Service and Spirituality (Part 41)

How Service Becomes a Spiritual Discipline

Our gifts to others can include service of several kinds. According to the Bhagavad Gita (Chapter 17), superior service is that which is offered to a worthy recipient, at the right time and place, without expectation of a return or favor, without desire for the fruit of action, and with due respect to the recipient. Only this kind of service can help us in our spiritual growth. To render such service we need discrimination, training, and self-effort. Without these, service will just be another activity and not a means for inner purification. Combined with sacrifice and austerity, service leads to purity of mind and inner growth.

Service as Worship

He who accepts our service gives us an opportunity to practice selflessness and become pure. If we expect anything from him, our service becomes unproductive and meaningless. We should rather be grateful to him. Swami Vivekananda's words in this regard are valuable:

"Look upon every man, woman, and everyone as God. You cannot help anyone, you can only serve: serve the children of the Lord, serve the Lord Himself, if you have the privilege. If the Lord grants that you can help any one of his children, blessed you are; do not think too much of yourselves. Blessed you are that that privilege was given to you when others had it not. Do it only as a worship. I should see God in the poor, and it is for my salvation that I go and worship them. The poor and the miserable are for our salvation, so that we may serve the Lord, coming in the shape of the diseased, coming in the shape of the lunatic, the leper, and the sinner!"

"No beggar whom we have helped has ever owed a single cent to us; we owe everything to him, because he has allowed us to exercise our charity on him. It is entirely wrong to think that we have done, or can do, good to the world, or to think that we have helped such and such people. It is a foolish thought, and all foolish thoughts bring misery. We think that we have helped some man and expect him to thank us, and because he does not, unhappiness comes to us. Why should we expect anything in return for what we do? Be grateful to the man you help, think of him as God."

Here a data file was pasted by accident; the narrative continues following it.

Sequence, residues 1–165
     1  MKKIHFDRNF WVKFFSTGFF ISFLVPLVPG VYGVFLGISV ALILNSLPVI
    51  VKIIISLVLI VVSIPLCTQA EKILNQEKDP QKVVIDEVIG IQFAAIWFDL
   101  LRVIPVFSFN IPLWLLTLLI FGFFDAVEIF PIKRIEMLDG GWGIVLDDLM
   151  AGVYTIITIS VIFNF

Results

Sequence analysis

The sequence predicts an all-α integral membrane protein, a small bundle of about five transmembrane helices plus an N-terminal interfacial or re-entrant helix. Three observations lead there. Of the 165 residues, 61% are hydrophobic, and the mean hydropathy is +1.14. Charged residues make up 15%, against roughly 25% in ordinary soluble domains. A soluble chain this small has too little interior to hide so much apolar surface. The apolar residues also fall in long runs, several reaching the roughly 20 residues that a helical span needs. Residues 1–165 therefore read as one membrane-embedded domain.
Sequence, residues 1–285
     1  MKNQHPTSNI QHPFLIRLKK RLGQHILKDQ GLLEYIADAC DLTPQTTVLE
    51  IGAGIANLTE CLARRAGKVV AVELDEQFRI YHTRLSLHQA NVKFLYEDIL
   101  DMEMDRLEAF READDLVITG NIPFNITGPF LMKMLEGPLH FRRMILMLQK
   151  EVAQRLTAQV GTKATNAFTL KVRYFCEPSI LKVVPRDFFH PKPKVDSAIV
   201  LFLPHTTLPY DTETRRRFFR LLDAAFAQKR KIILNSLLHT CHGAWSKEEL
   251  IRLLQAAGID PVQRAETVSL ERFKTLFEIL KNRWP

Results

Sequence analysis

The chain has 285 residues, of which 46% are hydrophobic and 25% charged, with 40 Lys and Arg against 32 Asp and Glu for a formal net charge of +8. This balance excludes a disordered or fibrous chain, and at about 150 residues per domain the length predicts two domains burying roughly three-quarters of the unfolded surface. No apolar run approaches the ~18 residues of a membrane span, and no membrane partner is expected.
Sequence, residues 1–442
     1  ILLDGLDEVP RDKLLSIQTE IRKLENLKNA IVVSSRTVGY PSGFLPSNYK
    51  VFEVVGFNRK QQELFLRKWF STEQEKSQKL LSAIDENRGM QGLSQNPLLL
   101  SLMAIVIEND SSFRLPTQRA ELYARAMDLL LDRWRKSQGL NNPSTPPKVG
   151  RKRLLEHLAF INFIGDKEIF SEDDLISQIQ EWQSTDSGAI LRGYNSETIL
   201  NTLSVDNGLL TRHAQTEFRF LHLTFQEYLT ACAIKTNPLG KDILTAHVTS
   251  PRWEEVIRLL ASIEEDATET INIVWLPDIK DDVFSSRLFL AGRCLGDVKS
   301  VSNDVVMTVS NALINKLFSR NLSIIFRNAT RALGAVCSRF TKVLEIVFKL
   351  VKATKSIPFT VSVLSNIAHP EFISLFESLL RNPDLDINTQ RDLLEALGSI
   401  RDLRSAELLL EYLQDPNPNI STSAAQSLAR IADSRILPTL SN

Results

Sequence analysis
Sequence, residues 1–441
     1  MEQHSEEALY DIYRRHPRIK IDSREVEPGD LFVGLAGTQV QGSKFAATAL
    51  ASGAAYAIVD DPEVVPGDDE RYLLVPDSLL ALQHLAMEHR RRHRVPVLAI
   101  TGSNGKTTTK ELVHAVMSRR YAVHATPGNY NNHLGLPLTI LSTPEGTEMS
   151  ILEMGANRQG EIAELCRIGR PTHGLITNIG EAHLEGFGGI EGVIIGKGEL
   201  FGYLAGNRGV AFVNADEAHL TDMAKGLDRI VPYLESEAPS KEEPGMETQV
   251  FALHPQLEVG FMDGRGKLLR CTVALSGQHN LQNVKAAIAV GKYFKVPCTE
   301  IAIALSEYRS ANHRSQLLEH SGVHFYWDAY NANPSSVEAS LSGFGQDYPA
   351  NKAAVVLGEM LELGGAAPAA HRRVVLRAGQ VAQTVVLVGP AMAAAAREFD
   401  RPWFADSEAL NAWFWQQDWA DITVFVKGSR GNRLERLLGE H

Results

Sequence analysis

No One Is Dependent on Us

Our sojourn in this world is brief, lasting but a few decades. Millions of people come into this world and leave it without creating the slightest ripple. The drama of life continues without them. Death is the greatest leveler. The body of a king and that of a pauper both return to dust. It is the mind that undergoes refinement and becomes associated with another body fit for its further evolution. The less we are attached to the body-ours as well as others-the more will we progress spiritually. When we grow in wisdom we understand that the world is not for our enjoyment, but for our spiritual growth. Says Swami Vivekananda, "The world is a grand moral gymnasium wherein we have all to take exercise so as to become stronger and stronger spiritually."

When we know that the world can very well go on without us, we become more sober. When we realize that no one is dependent on us, we begin to work without attachment. Swami Vivekananda's words explain this point:

"It is a weakness to think that anyone is dependent on me, and that I can do good to another. This belief is the mother of all our attachment, and through this attachment comes all our pain. We must inform our minds that no one in this universe depends upon us; not one beggar depends on our charity; not one soul on our kindness; not one living thing on our help. All are helped on by nature, and will be so helped even though millions of us were not here. The course of nature will not stop for such as you and me; it is, as already pointed out, only a blessed privilege to you and to me that we are allowed, in the way of helping others, to educate ourselves."

Part 42

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